Dear Pen Pal, I got up at half-five as usual this morning. Mother and father were awake. I heard them talking in their room and they heard me moving about but they didn’t come out. The war has made me quarrelsome, particularly first thing, and so, without anything being said, an understanding has arisen that stops our mornings going bad: they stay put as I get ready. Once they hear the apartment door close when I leave they come out and get the younger children up. When I return at night all the family are about but by then I can usually keep myself under control and stop myself from saying something that will sour the evening. The flat was dark and cold this morning. There was no electricity as usual so no shower. No matter. I might get one at work where the electricity is always on. But I would have to shave. Our Captain in the office is a stickler; the whole face must be clean shaven. Even a little Bashar al-Assad moustache would not be tolerated. I lit the oil lamp and boiled water on the gas stove; then I went to the bathroom and, with a bit of old green soap, worked up a lather with my brush. It’s badger hair. It came from London. My father bought it there years back. This was when, as he likes to say, he was living the life that he lived a thousand years ago and he visited that fabled place ‘abroad’. Once I’d finished and had patted my face dry (the towel, for some reason, smelt of dates, which, as you’ll see, turned out to be a minor theme of the day). I turned and sniffed my uniform which I’d hung on the shower curtain rail to air the night before. It smelt vaguely of photocopy toner and engine oil, which is frankly only to be expected, given what I do when I wear it. I carried the uniform to my bedroom together with the lamp and dressed: trousers, shirt, tunic, belt, and then boots (which were under my bed on a square of cardboard where I’d set them after I polished them the night before). When I started this job you could wear your own clothes on duty. That was one of the perks. And technically I still could go in civvies. It’s not forbidden. But I wouldn’t. I don’t. At the checkpoints, the uniform is the best bet. Turn up in civilian clothes and yet show a military pass at a checkpoint, and you send out the wrong signal to the soldiers. Like you’re not on their side. You’re not committed. In the uniform, of course, you look like them and they wave you through, no questions asked. So I wear the uniform because, you see, that’s what I crave, a smooth path and never a stumble. There was cold coffee in the kitchen left over from the night before – bitter Turkish stuff my father buys on the black market. It was in a copper saucepan with a long brass handle and it smelt black and oily (yes, black and oily is a smell) but after I’d set it on the gas and it began to warm up, the kitchen was filled with the thrilling smell of coffee. Once it had heated I sweetened the coffee with a spot of tinned milk. We haven’t seen sugar for months. Then I speared some pitta with a fork and held it to the gas flame. When the pitta was dark and hard and toasted I dipped a piece in the coffee, put it into my mouth and pressed it with my tongue against the roof. The milky sweet coffee that the bread had soaked up was forced out and it flooded my mouth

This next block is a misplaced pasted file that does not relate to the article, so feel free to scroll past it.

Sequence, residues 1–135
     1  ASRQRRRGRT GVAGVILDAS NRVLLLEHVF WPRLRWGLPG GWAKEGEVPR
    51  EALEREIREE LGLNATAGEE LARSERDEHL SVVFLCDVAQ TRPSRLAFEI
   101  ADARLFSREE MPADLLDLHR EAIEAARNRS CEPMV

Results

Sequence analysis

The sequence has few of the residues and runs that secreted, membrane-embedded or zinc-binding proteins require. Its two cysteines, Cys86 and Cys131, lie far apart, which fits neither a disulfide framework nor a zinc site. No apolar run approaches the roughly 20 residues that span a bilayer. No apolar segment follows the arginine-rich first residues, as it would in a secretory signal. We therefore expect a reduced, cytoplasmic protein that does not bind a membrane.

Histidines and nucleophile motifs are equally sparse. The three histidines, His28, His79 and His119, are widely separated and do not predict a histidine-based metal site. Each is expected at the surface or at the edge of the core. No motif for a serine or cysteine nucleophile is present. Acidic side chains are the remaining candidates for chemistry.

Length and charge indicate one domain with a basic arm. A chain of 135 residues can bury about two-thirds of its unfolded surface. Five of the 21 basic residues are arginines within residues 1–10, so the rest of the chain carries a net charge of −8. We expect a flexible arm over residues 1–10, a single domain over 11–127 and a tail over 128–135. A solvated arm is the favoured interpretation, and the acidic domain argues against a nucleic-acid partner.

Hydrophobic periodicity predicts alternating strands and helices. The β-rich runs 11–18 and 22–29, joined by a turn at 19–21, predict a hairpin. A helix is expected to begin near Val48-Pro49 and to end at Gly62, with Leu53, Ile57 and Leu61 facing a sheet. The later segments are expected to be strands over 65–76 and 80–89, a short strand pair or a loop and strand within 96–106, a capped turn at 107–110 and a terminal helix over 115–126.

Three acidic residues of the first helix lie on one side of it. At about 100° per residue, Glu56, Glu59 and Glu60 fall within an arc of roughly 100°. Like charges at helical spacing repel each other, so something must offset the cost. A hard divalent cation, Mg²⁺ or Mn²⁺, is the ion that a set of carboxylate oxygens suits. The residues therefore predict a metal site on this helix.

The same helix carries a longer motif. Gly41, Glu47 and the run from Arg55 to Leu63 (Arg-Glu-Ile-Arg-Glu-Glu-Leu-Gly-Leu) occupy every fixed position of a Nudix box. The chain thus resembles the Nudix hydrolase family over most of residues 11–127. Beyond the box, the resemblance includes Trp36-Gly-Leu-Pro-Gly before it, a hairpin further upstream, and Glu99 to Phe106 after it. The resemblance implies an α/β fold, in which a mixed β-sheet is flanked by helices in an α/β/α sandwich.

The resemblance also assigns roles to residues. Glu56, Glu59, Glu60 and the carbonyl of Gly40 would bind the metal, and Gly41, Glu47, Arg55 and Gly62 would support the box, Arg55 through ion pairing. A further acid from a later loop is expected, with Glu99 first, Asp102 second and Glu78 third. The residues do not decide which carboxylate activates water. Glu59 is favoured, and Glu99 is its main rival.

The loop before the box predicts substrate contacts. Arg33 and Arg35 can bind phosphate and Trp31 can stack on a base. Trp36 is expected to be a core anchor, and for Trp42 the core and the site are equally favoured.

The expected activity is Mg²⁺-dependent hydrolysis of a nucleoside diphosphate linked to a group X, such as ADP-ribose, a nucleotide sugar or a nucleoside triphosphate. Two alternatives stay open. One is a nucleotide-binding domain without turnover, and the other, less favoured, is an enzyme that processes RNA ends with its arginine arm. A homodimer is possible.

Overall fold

and oh it was very lovely. I slipped out of our apartment block about six-thirty. It was dark out but getting light. A car passed with its headlamps on, dazzlingly bright in the murky dawn. After it had passed I could smell its exhaust fumes. The government issue fuel has a special stink I’ve noticed. It’s like cheap washing-up liquid or nasty soap. Of course this smell comes from whatever the chemical they put in the fuel to stretch it further. As well as causing a stink these chemicals do something to the fuel that stops it working properly. Cars never go smoothly like they used to in the old Syria before the war. They stutter along now. I have a car, an old Fiat, but I don’t drive to work anymore although my fuel ration is sufficient for my commute. Why? Well, some months ago I was in my car waiting at a busy junction to turn right, pedestrians streaming across in front of me. Someone honked – this was a driver behind, it wasn’t me – and at that exact moment a woman was passing a few feet in front. She was pushing a wooden trolley set on pram wheels and it was loaded with small children, four or five of them, and because she thought I had pressed my horn, she gave me a look. I am doing my best, her expression said. Can you not see how hard it is, pushing this contraption with these children piled on top? And now, what, you expect me to run, a poor woman with all these children, so you can drive on? Go to hell. She was exasperated and miserable and there was resentment in her too. And hate. She, a civilian with children, had just a handcart, while I, a uniform, had a car. It was wrong. She thought it was wrong. That’s what her face said. Her look only lasted a moment but it made me think; I never want to be looked at like that again, I thought. So I abandoned driving to work. I would walk instead. Anyhow, back to this morning. I walked on, away from home, towards my office, my pace brisk. I didn’t look around me when I walked, I didn’t take in the scene in the street, the buildings, the shops, the early rush hour traffic of Damascus, and I didn’t make eye contact either with those I passed. My eyes were open: obviously they had to be, otherwise I wouldn’t have been able to navigate. But my attention was turned inwards. This is where my focus always is. It’s how I live nowadays – inside my head and not out in the world. I followed my breath. I thought about the taste of the hot sweet coffee I’d had earlier. And I thought about a girl. We had coffee, recently. Her eyes were very dark, almost the colour of dates. She wore a dress; black; her mother’s actually. That’s what we’ve come to; we wear our parents’ clothes to go out. She had very nice hands, and she wore varnish which was red and perfume which was French and that her mother got from Beirut before the war. That is all I can say, all I will say. It would be a catastrophe if she was connected to this email, and to me, its writer. I arrived at the office. The Captain and a couple of other guys scheduled to work today were there ahead of me. I had all the cameras on charge from the night before and I checked that they had all charged properly and they had. The telephone rang. The Captain answered. That was the summons. Away you go, he said, and off I went, bag with camera over my shoulder.